After winning the toss, the Warriors restricted the Bulls to 81 for 9 in 10 overs.  Rahmanullah Gurbaz and Evin Lewis got things off to a flier, after scoring 16 runs off the first over.  The innings soon lost momentum after Gurbaz’s mistimed shot was taken at cover and Lewis was gobbled up by Powell.  In the end, Mohammad Nabi top-scored with a 10-ball 21 for the Bulls.  Maheesh Theekshana starred with the ball for the Warriors after claiming 3 for 14.

In pursuit of a gettable target, Warriors skipper and in-form batsman Nicholas Pooran took responsibility by promoting himself up the order.  He was, however, dismissed lbw by Fidel Edwards on 12.  Simmons and Waseem Muhammad, however, kept the scoreboard ticking over.  Opener Muhammad scored 27 off 22 but was dismissed before Powell (16 from 8) and Simmons (14 from 12) finished the proceedings.

Powell hit the winning runs with a huge six with 10 balls left.  Theekshana received the Man of the Match award while Pooran was named Man of the Series.  Northern Warriors are the first team to win the trophy twice.

 

 

Former West Indies and Barbados fast bowler, Ezra Moseley, was killed in a motor vehicle accident on Saturday, in Barbados.

According to reports, Moseley, who celebrated his 63rd birthday in January, was struck from his bicycle by an SUV early in the morning.

Moseley was one of several players slapped with a lifetime ban after taking part in the West Indies rebel tour of South Africa in 1982-83.  The ban was, however, later lifted and he went on to represent the West Indies in two Tests, in 1990, in England, at the age of 32, and also played in nine One-Day Internationals.

Later on, Moseley served as a national selector for the Barbados senior men’s team, the successful Barbados women’s team, and was also an assistant coach for the West Indies’ women’s team.

 

 

West Indies spinner, Rahkeem Cornwall, is looking for a solid first hour from set batsmen Kyle Mayers and Nkrumah Bonner, and the team battles to save the match against Bangladesh on the final day.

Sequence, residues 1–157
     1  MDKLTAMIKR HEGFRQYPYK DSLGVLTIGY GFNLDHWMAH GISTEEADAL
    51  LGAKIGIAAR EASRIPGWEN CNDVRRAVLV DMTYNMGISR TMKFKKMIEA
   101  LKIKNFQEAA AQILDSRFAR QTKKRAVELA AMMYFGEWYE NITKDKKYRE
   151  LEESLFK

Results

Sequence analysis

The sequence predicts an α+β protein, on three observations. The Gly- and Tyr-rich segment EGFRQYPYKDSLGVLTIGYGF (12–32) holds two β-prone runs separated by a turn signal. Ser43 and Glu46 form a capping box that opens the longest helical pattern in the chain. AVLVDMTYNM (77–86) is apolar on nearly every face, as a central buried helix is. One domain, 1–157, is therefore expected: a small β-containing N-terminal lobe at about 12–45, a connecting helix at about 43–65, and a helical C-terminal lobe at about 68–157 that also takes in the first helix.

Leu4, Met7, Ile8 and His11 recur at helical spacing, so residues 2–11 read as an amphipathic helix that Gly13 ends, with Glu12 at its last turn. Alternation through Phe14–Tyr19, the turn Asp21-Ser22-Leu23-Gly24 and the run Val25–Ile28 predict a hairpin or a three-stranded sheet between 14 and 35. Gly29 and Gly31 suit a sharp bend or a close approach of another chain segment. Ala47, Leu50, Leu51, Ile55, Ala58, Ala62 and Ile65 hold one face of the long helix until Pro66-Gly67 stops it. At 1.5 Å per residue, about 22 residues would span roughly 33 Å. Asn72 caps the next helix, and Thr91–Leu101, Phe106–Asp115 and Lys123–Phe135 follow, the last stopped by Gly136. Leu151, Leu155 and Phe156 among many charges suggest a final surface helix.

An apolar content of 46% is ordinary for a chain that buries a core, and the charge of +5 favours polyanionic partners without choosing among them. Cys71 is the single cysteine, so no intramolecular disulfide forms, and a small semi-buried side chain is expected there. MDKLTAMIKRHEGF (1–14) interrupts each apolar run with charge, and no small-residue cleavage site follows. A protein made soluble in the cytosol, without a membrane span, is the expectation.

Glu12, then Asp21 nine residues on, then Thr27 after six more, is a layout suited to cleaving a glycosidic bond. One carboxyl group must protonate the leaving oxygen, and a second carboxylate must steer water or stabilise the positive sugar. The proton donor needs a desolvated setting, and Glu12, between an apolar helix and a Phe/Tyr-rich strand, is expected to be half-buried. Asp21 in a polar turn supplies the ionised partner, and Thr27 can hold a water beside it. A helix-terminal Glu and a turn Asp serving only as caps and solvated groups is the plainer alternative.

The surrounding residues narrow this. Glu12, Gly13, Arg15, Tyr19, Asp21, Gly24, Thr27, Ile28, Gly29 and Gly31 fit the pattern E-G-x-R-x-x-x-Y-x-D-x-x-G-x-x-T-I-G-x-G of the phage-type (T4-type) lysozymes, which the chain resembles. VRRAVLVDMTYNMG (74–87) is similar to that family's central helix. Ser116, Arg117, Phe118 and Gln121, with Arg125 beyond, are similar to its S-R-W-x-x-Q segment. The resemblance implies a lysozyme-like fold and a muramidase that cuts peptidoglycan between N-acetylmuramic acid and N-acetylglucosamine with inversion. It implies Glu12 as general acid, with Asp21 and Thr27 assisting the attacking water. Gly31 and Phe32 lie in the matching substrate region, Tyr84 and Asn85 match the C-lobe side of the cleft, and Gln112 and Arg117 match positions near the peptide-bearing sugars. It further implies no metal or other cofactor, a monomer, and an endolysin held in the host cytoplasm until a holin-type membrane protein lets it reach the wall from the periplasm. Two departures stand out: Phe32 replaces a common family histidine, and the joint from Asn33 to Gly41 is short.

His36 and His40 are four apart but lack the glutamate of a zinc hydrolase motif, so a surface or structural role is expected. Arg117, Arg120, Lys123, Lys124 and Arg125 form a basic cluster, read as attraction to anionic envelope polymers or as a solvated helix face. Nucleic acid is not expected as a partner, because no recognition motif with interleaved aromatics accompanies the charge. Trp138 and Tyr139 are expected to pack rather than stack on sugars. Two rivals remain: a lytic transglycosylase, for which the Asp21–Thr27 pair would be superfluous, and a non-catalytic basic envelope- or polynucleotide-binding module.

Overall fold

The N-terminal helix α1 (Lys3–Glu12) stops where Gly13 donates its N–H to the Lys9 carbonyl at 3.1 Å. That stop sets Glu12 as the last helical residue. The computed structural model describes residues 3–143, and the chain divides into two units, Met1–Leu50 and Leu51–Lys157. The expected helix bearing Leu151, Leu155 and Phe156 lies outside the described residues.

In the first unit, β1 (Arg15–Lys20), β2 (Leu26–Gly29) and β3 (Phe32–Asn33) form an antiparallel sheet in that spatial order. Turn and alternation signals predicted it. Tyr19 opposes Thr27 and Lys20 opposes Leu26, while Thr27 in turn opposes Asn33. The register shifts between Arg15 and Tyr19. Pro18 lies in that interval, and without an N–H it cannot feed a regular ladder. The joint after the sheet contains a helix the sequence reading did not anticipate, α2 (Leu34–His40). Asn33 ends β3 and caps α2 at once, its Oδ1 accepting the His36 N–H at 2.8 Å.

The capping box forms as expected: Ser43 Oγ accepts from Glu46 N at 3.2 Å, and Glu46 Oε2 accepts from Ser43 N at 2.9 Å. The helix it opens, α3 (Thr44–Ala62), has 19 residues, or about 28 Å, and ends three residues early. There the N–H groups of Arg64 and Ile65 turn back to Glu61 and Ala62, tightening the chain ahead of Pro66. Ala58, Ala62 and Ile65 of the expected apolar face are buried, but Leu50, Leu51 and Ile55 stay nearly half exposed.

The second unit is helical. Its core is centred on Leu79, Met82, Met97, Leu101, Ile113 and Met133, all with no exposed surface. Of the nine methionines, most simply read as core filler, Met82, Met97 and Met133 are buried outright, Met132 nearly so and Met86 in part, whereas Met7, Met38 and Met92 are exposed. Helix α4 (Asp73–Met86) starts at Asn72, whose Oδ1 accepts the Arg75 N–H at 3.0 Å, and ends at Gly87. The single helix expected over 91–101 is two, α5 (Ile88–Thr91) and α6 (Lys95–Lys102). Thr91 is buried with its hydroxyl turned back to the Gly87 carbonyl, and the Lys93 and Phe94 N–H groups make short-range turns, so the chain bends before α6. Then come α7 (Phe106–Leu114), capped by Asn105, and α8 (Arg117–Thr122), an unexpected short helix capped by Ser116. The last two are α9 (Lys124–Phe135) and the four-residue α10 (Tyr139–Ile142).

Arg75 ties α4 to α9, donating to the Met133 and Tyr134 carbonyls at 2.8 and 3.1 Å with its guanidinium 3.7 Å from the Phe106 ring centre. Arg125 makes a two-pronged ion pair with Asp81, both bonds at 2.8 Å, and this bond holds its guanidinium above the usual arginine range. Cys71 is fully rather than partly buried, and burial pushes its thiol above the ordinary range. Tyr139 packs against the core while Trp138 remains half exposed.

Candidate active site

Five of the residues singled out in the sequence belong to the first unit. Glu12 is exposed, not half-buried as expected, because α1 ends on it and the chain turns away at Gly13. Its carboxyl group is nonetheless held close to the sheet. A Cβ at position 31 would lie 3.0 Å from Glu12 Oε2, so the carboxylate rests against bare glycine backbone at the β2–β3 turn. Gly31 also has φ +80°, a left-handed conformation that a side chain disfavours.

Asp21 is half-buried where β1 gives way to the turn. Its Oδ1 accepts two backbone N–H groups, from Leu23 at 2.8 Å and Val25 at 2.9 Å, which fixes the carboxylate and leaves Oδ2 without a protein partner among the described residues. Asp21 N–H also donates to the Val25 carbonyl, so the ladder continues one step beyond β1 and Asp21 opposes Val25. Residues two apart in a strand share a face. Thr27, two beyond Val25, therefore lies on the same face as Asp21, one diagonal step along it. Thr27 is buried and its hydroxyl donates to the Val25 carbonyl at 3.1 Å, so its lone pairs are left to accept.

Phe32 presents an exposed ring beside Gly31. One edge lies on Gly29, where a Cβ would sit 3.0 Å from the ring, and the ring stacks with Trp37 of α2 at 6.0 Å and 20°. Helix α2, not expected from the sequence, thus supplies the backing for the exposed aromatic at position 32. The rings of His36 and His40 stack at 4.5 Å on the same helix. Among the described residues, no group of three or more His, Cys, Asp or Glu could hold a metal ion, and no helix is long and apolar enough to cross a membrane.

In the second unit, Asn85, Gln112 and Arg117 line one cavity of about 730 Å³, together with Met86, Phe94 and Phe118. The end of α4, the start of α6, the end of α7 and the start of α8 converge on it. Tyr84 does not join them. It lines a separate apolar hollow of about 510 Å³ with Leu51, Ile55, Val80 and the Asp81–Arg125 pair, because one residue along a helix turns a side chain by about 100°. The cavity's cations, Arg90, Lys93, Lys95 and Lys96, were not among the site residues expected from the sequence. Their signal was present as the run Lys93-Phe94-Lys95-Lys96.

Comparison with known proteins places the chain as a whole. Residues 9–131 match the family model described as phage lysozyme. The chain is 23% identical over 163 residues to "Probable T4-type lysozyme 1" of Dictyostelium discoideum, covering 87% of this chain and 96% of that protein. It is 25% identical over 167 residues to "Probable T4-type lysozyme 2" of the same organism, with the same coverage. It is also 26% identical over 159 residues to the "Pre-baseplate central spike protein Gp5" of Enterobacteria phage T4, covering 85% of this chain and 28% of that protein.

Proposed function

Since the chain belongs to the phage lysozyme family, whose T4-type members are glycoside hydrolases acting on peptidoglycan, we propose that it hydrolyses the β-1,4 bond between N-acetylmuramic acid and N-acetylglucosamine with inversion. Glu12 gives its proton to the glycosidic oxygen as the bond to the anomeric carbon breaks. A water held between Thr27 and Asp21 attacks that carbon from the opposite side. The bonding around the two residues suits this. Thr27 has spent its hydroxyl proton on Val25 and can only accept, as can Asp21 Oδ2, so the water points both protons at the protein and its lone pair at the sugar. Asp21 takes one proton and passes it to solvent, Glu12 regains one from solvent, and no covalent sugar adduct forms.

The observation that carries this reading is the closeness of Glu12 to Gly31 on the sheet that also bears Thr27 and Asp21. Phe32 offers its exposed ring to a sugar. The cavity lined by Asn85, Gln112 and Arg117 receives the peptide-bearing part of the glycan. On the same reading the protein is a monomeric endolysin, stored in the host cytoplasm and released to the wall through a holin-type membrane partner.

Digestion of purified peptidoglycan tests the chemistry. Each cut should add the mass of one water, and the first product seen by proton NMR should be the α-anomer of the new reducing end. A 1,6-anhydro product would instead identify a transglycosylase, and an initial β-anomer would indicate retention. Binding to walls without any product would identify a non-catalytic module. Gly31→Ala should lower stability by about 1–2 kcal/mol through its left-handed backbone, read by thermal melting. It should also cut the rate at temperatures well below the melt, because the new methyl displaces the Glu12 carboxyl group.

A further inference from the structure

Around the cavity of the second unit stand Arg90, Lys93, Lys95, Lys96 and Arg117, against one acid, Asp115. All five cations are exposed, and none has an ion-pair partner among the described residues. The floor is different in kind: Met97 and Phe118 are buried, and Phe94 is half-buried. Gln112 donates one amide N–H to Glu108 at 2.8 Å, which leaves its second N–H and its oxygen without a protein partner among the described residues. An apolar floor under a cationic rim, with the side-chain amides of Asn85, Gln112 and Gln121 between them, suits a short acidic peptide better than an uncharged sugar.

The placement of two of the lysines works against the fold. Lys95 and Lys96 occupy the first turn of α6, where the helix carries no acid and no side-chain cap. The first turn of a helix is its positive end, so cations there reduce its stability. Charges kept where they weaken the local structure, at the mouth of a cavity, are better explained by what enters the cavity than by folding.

At stumps, the West Indies needed another 285 to overhaul the home team for victory.  Although it is the West Indies that holds the record for the highest fourth innings, which was 418 against Australia in 2002, few would bet on the current inexperienced campaigners going anywhere close.

With the team scoring below 250 in seven of its last 12 innings, the team could be forgiven to ensure that it simply did not lose the first test.  In order to secure a result, however, Cornwall believes the first hour of the final day will be crucial and looks to the batsmen continuing to stymie the Bangladesh bowling attack.

“Two guys are crease, set.  They just have to come out again tomorrow and start over again,” Cornwall said at the end of the day’s play.

“The first hour is going to be crucial and we can just take it from there.”

For his part, Cornwall has had a tidy bowling effort, claiming 3 for 81 in the second innings and 2 for 114 in the first.  

 

West Indies batsmen Nkrumah Bonner and Kyle Mayers cobbled together an unbroken 51-run partnership, for the moment staving off a relentless Mehidy Hasan, as the team closed day four at 110 for 3, still needing another 285 for victory against Bangladesh.

Mehidy, who punished the Caribbean team with a first-innings century, tore through the top half of the Windies batting order after claiming 3 for 52 to close the evening session.  The spinner struck for Bangladesh after a solid start from the West Indies, which saw skipper Kraigg Brathwaite and left-hander John Campbell post 39 runs in an hour for the first wicket.

Early on, Campbell was more than ready and willing to deploy the sweep shot against the spinners.  He cashed in for four 4s, in his 23, but was eventually undone after missing one from Mehidy and being trapped lbw.  Brathwaite, in the meantime, showed solid footwork against the spin but was let down by hard hands after a defensive stroke offered against Mehidy went bat-pad to short leg and was gobbled up by Yasir Ali.

Shayne Mosely contributed 12 before also being trapped lbw, which meant the West Indies lost three wickets for 20 runs and found themselves struggling at 59-3.

Coming together to stabilize the innings, Bonner and Mayers used different tactics to see out the day.  Mayers was more aggressive for an unbeaten 37, while the more watchful Bonner accumulated 15 from 63.

In the morning session, Bangladesh skipper Momimul Haque registered his 10th Test century as they declared at 223-8. He was the second wicket for fast bowler Shannon Gabriel, who bagged 2-37.